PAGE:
Location: Based in New York with analysts and contributors in Brussels, Hong Kong and 12 U.S. cities
Top Official: Richard David, founder and chief executive
Mission: To bring thorough and current analyses related to the business of NewSpace to investors, wealth managers, entrepreneurs and business leaders
SAN FRANCISCO — When Richard David set out to build a business to link investors with space industry entrepreneurs, he anticipated fear, pessimism and doubt. “Given the legacy of America’s space program, convincing people in the financial sector to invest in NewSpace is obviously quite challenging,” David said.
He also expected to meet investors with little knowledge of the commercial space industry. At a networking event last year, for example, David began discussing the commercial space business by asking a venture capitalist whether he was familiar with Virgin Galactic. “Yes,” the venture capitalist responded. “That’s the company that put that guy on the Moon.”
David and his colleagues have encountered similar misconceptions as they work to convince investors that the commercial space sector is poised to offer the type of promising financial opportunities that paid off for some of the people who invested in social networking and new energy startups before those firms began selling stock publicly. They note, however, that even investors with little or no knowledge of the industry often are eager to learn about potential investments. The venture capitalist who thought Virgin Galactic sent an astronaut to the Moon may not have known much about the space industry, but he was interested in learning about it, David said.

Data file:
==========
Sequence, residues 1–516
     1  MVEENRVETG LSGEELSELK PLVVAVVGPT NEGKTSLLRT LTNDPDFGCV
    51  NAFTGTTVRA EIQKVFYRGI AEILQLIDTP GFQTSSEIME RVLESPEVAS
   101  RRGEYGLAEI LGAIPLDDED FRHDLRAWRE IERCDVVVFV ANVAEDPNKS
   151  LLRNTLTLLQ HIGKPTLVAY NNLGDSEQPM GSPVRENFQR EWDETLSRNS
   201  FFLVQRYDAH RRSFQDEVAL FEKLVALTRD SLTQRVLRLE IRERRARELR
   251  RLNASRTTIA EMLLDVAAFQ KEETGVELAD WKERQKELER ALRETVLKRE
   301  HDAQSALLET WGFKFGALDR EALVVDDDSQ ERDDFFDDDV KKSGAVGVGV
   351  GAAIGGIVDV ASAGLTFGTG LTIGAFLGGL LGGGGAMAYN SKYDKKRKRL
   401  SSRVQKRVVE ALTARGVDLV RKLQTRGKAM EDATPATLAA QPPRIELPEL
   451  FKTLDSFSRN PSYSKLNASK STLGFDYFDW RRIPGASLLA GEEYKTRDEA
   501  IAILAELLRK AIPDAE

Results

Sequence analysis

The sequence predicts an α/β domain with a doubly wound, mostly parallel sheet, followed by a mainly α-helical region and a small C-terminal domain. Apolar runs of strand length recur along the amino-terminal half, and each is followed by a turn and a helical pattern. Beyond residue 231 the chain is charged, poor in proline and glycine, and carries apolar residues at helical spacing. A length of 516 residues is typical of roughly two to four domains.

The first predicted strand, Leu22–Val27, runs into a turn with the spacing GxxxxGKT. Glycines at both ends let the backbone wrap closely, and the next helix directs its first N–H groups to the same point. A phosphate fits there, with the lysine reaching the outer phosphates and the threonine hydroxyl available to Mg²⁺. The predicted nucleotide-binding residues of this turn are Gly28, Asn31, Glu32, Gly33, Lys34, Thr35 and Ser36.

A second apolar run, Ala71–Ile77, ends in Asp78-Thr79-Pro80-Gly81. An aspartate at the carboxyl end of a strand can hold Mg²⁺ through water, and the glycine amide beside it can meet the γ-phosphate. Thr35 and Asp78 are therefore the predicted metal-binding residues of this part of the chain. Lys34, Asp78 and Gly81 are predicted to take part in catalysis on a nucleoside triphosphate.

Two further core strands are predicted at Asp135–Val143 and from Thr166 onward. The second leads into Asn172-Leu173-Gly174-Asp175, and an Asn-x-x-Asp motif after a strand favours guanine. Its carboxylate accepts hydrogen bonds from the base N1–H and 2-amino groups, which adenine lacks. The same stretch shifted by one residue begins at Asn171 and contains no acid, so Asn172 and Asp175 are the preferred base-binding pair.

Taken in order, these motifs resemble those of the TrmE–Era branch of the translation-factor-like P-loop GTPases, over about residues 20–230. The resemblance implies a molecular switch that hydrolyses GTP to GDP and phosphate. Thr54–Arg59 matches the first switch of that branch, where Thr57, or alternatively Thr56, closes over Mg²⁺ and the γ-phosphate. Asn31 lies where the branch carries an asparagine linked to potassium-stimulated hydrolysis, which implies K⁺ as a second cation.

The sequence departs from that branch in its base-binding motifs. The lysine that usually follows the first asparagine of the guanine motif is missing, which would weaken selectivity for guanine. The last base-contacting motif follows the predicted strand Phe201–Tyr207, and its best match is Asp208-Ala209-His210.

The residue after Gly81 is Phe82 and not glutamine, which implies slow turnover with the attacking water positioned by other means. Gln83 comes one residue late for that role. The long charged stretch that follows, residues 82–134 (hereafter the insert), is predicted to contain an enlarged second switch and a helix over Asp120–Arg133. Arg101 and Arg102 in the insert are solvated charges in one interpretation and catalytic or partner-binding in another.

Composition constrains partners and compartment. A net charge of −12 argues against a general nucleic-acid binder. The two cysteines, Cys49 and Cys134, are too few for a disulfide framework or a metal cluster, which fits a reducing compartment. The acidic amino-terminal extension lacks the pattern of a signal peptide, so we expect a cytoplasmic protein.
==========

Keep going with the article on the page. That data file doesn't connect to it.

Still, the story illustrates the challenges NewSpace Global faces in trying to bridge the gap between space industry entrepreneurs and potential investors. Not only are investors often unaware that commercial space businesses exist, but space industry entrepreneurs often are so focused on new technology that they pay little attention to “management, marketing, sales, fundraising and investor relations,” David said. “We have to constantly emphasize the value we provide to the industry as well as to the financial players.”
David established NewSpace Global in 2010. “Frankly, I thought the timing was right,” he said. “Although the first-tier NewSpace companies grab all the headlines, we have seen a proliferation in promising new startups in recent years that indicates that NewSpace has reached a critical turning point.”
Before founding the company, David spent nearly a decade identifying the top 100 companies in the commercial space industry while working as a corporate attorney in New York. “Virgin Galactic, Blue Origin and SpaceX are in the headlines but those other 97 are not easy to find,” he said. In addition to the well-known companies, NewSpace Global tracks firms such as Ventions LLC of San Francisco, whose engineers are developing miniature liquid bipropellant rocket motors and small turbopumps, and SkyBox Imaging of Mountain View, Calif., which seeks innovative applications for satellite imagery.
Top 10 Firms on the NewSpace Global 100 Index
RANK COMPANY NAME
1 Space Exploration Technologies (SpaceX)
2 Virgin Galactic
3 The Spaceship Company
6 SkyBox Imaging
7 Orion (subsidiary of Dynetics)
8 Blue Origin
9 Masten Space Systems
10 Moon Express
Once David identified the top 100 commercial space firms, he worked with financial analysts and associates to create NewSpace Global’s signature product: the NewSpace Global 100 Index, which ranks privately held, for-profit companies based on a proprietary algorithm that takes into account many factors including management, capitalization and technology. “This index allows our subscribers to better understand how to allocate their capital to get the best returns,” Frank Mycroft, NewSpace Global chief financial officer, said. It also optimizes investments, which helps to accelerate the growth of the industry, he added.